In the past decade, more and more companies have launched big data programs to enhance their business intelligence capabilities, often with a focus on customer behavior analysis. Having access to a large amount of customer behavior data can allow businesses to infer relationships, perform predictions, and better inform product and marketing decisions.

For organizations with an existing large user base, setting up a big data system involves many challenges. One difficulty is how to collect the data itself, when existing customer devices may be old and not have the necessary remote update capabilities, communication bandwidth, or processing power to support new data collection processes.

Cardinal Peak worked with a large cable television company to determine whether useful data could be collected from existing set-top box installations via existing communication channels. This approach was considered as an alternative to developing dedicated big data support on those devices, which would involve a large effort spread out over many months.

In our case, we had access to existing system log data for set-top boxes, that were periodically sent over the network to the data center. System logs were never intended to track user data and contained a blend of remote control key presses, channel changes, user interface screen changes, and other system events, logged with varying levels of consistency. Our challenge was to take this anonymized data and extract useful customer behavioral information from it.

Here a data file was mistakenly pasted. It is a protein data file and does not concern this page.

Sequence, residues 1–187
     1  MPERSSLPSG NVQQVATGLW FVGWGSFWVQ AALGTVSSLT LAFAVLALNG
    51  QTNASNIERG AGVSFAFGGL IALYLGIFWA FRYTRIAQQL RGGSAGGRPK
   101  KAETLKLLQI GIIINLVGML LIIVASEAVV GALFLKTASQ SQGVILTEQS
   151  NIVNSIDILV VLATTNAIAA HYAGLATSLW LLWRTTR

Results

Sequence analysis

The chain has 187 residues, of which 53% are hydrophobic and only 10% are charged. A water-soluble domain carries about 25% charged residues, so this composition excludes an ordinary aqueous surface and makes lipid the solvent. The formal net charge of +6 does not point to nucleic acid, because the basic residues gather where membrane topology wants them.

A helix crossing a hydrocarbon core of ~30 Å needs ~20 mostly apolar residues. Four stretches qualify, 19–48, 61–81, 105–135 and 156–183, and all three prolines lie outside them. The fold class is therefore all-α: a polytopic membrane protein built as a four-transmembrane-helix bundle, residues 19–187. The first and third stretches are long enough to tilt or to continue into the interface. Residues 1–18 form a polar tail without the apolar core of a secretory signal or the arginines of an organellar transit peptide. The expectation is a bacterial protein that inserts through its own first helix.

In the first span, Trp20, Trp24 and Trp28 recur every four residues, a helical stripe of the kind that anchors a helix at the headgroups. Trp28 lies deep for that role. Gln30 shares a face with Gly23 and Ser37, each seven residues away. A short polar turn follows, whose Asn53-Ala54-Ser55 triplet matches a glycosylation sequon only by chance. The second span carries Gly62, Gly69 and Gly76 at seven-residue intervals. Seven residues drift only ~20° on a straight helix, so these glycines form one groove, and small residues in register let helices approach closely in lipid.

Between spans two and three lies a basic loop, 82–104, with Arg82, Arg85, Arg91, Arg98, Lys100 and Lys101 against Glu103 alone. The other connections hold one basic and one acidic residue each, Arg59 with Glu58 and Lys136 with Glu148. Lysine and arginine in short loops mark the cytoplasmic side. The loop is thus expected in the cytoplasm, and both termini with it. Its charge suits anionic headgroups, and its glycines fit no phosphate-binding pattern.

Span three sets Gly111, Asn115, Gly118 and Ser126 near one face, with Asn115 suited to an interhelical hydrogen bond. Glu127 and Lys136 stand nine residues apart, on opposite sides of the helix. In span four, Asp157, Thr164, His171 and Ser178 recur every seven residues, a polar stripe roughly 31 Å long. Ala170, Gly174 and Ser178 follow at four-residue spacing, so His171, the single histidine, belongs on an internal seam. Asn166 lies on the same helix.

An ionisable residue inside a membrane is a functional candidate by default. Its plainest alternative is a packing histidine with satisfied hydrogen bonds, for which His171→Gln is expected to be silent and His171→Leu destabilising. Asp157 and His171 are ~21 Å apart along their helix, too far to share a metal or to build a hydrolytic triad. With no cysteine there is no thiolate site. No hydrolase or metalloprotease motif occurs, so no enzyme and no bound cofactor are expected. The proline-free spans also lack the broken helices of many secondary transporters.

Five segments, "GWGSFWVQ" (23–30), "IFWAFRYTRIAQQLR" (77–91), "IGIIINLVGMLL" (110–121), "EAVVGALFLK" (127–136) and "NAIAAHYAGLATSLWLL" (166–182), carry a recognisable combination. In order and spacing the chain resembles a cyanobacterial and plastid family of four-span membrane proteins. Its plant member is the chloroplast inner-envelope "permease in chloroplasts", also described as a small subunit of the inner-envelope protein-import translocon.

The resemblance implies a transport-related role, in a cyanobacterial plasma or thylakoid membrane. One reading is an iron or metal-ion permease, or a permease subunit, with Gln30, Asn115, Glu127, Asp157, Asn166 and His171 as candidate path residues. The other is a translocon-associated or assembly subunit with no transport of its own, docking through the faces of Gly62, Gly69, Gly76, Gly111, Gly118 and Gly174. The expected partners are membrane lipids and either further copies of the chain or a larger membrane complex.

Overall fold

We used Python to develop a data processing pipeline that acted on aggregated log streams and reduced them to multiple streams of events split by behavior category: channel changes, screens visited, navigation paths through the user interface, session durations, keypresses, etc. We were able to calculate statistical distributions for metrics such as time spent watching each TV channel, time spent in each user interface screen, frequency of customers watching their video-on-demand search results, and numerous others.

Once data was collected, Cardinal Peak performed statistical analysis to determine confidence intervals and statistical significance for the results. Simply put, these are measures of how likely our statistics calculated from a sample of set-top boxes match the underlying population of all set-top boxes, and how likely particular results could have occurred by chance alone.